Perhaps a more appropriate title for this sophomore effort from LA rockers Buckcherry might have been Time Machine, as a journey back to the late 1980s is exactly where Time Bomb will take you. Full of snarling, sleazy riffs and the rasping vocals of Joshua Todd, Time Bomb is a throwback to the pre Limp Bizkit carefree days of tattoos, leather and low-slung Gibsons when Guns N’ Roses and Mötley Crüe ruled the roost.
Yet while the washed up bands of that era struggle to find an audience, Buckcherry has somehow managed to find a respectable measure of success after 1998’s self titled debut album sold more than 500,000 copies on the back of the highly controversial single “Lit Up”, which contained the Tipper Gore-unfriendly refrain of “I love the cocaine, I love the cocaine”.
Even though the Cherrys still don’t manage to outdo the attitude of their apparent idols Guns N’ Roses, at least on “Slit My Wrists” and the delightfully aggressive “Porno Star” (sample lyric: “Don’t you know we fuck for money / I’m a big dick mother fuckin’ porno star”), they make a damn good stab at it.
John Travis’ production may have polished the raw sound of the debut record a little, but the majority of the tunes are still as slamming and explosive as the title suggests. Notable standouts being the ferocious opener “Frontside” and the enjoyable AC/DC rip-off first single “Ridin”.
The thing is, Time Bomb dilutes the process of enjoying these highly infectious songs by worshipping at the drum riser of many a hard rock hero from yesteryear. The trashy “Place in the Sun” and “Underneath” suggest that the New York Dolls and other vintage rock bands form a large part of Buckcherry’s record collection. Meanwhile the title track is filled with every metal cliché in the book and even employs the huge gang vocals the 80s virtually trademarked. Then “You” recalls the kind of countrified rock ballad a Where Are They Now? band called Junkyard used to specialise in, and you realise that however likeable their sound may be, it’s not entirely original.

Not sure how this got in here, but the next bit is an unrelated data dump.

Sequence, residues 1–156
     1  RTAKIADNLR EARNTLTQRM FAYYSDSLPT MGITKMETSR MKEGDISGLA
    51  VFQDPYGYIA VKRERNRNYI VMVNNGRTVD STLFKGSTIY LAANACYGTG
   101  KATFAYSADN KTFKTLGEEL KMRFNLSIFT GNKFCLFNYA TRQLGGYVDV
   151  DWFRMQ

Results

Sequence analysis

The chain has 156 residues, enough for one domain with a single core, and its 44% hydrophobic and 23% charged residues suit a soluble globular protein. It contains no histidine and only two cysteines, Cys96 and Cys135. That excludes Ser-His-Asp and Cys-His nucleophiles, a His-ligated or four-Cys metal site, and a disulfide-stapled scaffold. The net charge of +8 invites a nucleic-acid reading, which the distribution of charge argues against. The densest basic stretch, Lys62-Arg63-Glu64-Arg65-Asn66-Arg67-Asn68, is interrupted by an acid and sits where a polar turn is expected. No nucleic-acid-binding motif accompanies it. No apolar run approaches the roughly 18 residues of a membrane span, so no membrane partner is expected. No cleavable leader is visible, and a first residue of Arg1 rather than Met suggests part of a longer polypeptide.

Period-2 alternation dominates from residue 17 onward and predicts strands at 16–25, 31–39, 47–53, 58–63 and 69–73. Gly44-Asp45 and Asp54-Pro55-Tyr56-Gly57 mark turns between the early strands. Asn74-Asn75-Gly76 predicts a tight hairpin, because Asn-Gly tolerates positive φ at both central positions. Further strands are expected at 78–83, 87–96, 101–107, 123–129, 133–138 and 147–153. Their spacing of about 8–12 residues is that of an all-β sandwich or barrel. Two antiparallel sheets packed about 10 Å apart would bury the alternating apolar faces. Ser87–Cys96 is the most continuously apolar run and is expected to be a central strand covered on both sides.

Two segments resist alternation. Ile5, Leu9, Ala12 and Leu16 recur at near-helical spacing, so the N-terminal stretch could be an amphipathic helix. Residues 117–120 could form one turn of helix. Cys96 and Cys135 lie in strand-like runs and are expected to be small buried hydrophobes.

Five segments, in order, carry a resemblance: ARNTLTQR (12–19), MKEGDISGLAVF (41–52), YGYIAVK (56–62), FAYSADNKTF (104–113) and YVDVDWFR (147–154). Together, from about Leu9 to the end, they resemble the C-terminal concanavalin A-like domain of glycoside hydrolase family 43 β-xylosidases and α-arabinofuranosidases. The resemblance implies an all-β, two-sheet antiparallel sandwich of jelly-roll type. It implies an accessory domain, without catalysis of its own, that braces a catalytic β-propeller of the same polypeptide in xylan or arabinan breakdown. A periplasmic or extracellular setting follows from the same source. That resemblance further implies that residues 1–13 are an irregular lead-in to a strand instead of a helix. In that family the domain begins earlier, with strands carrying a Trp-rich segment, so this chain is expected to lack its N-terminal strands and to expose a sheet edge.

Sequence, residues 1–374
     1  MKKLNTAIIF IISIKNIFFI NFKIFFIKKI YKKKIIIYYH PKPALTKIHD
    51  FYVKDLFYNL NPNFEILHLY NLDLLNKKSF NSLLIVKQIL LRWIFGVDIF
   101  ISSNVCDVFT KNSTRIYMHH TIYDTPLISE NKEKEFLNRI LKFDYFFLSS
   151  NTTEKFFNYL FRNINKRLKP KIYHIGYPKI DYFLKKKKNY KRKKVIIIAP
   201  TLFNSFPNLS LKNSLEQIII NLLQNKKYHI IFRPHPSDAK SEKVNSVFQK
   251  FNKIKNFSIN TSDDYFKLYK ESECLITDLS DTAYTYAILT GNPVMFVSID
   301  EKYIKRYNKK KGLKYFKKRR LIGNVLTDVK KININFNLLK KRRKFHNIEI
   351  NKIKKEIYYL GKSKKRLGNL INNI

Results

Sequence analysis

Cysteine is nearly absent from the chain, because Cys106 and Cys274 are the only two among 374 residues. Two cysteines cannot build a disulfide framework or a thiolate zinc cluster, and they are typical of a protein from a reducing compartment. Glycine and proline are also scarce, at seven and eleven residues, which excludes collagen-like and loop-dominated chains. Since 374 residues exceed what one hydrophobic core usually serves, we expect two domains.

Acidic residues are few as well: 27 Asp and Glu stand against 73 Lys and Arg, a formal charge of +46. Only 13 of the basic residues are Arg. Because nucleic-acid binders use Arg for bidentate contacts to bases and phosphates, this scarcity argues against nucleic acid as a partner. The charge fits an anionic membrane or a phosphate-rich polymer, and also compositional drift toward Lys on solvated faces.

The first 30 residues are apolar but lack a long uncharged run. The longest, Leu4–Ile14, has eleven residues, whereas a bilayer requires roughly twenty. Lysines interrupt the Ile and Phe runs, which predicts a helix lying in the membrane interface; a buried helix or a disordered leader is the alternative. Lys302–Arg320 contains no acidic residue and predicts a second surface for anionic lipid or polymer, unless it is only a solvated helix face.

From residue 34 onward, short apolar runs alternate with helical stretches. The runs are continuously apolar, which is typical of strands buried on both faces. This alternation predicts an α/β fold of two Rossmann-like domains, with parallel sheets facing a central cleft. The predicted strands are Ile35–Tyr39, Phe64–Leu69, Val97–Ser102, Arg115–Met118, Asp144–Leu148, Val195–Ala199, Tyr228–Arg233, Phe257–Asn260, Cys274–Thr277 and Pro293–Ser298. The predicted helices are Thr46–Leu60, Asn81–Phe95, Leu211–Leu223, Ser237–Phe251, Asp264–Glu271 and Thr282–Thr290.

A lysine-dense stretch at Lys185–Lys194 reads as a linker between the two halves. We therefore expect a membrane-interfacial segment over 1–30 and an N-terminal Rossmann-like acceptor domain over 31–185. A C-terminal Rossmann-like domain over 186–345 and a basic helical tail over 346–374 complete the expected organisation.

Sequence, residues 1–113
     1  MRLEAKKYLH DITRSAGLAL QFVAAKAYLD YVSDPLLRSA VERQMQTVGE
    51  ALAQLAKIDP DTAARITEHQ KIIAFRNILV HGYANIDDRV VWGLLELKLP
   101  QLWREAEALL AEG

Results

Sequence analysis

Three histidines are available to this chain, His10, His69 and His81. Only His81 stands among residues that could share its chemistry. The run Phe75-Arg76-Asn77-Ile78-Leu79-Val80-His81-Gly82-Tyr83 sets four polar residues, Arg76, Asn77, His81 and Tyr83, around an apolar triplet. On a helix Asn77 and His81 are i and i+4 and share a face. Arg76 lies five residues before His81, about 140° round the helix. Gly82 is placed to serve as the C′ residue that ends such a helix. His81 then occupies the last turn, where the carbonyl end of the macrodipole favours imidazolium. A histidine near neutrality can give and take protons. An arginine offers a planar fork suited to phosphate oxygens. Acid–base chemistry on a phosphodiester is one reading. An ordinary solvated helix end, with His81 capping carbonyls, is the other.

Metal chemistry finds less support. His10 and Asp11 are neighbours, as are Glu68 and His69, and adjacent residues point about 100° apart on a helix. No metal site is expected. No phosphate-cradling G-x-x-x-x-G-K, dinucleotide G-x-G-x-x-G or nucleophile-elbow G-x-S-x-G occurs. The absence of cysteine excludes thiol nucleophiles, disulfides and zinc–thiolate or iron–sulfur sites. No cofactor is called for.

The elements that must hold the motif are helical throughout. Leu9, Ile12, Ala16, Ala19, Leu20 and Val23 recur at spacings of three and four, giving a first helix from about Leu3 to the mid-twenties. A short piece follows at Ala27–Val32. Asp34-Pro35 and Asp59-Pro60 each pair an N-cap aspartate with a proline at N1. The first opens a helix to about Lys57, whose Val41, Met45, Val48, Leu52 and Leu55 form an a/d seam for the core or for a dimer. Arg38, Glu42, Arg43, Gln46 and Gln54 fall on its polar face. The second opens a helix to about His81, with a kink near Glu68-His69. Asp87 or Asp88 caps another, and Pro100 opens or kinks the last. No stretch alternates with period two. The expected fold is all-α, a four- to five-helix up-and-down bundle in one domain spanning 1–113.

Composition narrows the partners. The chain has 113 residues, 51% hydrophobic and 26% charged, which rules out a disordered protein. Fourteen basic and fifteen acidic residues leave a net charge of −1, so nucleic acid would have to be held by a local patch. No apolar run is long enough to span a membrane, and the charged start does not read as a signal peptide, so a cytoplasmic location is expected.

As if to salvage a bit of individuality, the band ensure as non-metal an instrument as a mandolin makes a fleeting appearance on semi-ballad “Helpless” and the album comes to a surprisingly sedate close in the form of a piano based ballad, which as nice as it is, isn’t exactly anything new.
That Buckcherry has made a success of its recycled ‘70s and ‘80s influences in the year 2001 deserves only the highest of praise and fans of hard rock will undoubtedly love this album. On the other hand, they might not be fooled by Todd’s ironic assertion that “the best thing about Time Bomb is that when people hear it they’ll go ‘It’s Buckcherry!’”. Time Bomb? What Goes Around Comes Around is more like it.
// Notes from the Road
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